by Brian Behnken
Policing both the border and Mexican American communities in the Southwest has always been entangled with white supremacist violence, the author argues in a new book.
SOURCE: Minnesota Public Radio
"Many Americans don’t know that the histories of the United States and Mexico are inseparably intertwined. But historian Kelly Lytle Hernández says you cannot fully understand one without the other."
by Roxanne Dunbar-Ortiz
In this excerpt from her new book "Not 'A Nation of Immigrants'," Roxanne Dunbar-Ortiz argues that the politics of the border and the racialization of Mexican laborers has been a longstanding and glaring exception to the American myth of welcoming immigrants.
SOURCE: Made By History at the Washington Post
by Lina-Maria Murillo
"No matter what antiabortion crusaders try, pregnant people will always find ways to have abortions — and networks that go beyond borders have long helped them navigate treatment options."
SOURCE: The Guardian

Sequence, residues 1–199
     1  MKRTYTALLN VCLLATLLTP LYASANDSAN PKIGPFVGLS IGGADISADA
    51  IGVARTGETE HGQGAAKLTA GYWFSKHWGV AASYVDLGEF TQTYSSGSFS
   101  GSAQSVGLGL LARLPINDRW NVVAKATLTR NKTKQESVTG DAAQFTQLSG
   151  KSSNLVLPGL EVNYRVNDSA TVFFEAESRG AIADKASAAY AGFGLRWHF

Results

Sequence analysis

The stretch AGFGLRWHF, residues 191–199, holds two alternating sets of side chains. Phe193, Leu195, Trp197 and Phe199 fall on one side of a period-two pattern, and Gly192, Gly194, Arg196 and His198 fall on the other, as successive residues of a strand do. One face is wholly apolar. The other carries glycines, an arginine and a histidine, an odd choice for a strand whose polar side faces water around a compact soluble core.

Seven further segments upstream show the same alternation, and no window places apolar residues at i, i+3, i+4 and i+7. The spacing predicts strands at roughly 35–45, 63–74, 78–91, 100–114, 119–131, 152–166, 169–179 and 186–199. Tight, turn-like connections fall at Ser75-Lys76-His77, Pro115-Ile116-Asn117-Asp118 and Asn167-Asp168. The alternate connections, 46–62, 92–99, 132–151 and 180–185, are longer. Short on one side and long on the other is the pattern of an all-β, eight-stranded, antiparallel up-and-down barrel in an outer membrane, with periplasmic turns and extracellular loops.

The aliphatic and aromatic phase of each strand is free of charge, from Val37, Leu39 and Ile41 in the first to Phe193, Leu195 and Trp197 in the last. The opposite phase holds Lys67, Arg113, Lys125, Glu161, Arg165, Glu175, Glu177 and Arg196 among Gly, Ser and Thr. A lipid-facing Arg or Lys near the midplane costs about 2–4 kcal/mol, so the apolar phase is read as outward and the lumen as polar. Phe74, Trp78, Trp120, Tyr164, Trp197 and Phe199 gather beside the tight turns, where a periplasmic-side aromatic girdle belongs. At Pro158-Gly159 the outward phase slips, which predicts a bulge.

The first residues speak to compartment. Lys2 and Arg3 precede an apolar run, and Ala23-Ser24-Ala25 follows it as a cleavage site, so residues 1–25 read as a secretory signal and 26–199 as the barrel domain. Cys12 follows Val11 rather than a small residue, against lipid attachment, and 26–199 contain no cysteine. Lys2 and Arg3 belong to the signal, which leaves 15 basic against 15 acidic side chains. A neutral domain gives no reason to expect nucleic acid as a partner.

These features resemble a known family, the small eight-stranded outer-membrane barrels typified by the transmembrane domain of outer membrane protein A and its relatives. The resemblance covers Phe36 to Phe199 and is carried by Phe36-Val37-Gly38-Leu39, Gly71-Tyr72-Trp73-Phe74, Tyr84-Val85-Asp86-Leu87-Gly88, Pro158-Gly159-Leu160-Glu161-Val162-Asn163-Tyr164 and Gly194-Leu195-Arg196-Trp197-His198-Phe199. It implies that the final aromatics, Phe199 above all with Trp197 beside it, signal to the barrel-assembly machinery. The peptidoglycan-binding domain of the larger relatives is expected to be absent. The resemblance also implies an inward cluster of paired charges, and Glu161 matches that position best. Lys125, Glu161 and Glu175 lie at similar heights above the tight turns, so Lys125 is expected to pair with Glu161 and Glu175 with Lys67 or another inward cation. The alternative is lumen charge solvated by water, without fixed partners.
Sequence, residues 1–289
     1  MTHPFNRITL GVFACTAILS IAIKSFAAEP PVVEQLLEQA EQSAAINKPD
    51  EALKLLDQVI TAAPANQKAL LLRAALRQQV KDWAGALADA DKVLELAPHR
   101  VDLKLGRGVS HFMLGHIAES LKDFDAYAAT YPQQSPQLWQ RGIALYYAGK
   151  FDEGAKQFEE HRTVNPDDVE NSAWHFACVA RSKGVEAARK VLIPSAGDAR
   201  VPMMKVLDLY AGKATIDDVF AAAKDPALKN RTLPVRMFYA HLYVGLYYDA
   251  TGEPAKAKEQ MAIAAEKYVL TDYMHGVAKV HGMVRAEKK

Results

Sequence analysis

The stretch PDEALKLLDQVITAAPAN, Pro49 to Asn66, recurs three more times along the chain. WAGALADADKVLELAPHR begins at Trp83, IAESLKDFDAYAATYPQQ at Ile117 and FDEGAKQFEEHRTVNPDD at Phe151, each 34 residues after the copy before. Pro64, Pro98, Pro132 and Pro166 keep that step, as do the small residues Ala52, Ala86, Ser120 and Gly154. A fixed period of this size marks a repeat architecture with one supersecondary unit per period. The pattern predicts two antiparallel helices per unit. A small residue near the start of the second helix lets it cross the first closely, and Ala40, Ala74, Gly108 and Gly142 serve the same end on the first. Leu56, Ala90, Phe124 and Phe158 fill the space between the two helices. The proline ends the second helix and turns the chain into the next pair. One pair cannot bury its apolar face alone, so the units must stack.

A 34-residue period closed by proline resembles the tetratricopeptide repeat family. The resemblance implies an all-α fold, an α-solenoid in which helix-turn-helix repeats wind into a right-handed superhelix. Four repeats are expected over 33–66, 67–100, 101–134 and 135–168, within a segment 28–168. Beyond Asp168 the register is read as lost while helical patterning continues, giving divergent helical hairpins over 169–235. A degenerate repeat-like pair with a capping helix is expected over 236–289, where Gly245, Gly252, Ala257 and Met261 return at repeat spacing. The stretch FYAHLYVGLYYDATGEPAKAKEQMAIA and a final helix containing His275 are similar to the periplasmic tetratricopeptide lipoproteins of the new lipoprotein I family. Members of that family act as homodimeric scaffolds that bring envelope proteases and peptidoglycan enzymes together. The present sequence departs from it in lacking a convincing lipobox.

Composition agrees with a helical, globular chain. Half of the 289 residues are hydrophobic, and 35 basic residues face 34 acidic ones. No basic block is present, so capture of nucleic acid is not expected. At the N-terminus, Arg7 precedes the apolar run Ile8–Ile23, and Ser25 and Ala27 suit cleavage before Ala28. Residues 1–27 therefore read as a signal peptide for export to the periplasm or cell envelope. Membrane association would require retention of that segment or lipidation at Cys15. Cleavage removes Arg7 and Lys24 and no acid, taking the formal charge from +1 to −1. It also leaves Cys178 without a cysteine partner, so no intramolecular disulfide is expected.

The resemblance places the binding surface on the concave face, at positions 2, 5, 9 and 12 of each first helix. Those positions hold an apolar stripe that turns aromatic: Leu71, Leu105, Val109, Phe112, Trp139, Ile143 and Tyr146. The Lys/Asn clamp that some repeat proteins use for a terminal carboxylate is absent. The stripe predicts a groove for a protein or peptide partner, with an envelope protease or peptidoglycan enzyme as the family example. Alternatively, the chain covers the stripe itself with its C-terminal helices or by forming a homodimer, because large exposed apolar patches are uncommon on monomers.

by Carlos Sanchez
Conflicting family and neighborhood stories about the life of Pancho Villa – bandit or revolutionary? – showed the author how little of the complexity of the Mexican Revolution and the experiences of ethnic Mexican people made it into his school books in El Paso. Will new Texas laws push this knowledge back into the shadows?
SOURCE: Public Books
A panel of scholars discusses the concept of cross-racial solidarity and the prospects of creating powerful coalitions of the disempowered.
- Erika Lee and Carol Anderson on Myths and Realities of Race in American History
- Banished Podcast: Sunshine State's Descent Into Darkness
- Caroline Dodds Pennock on The Indigenous Americans Who Visited Europe
- Why Can't the Democrats Build a Governing Majority? (Review of Timothy Shenk)
- Victimhood and Vengeance: The Reactionary Roots of Christian Nationalism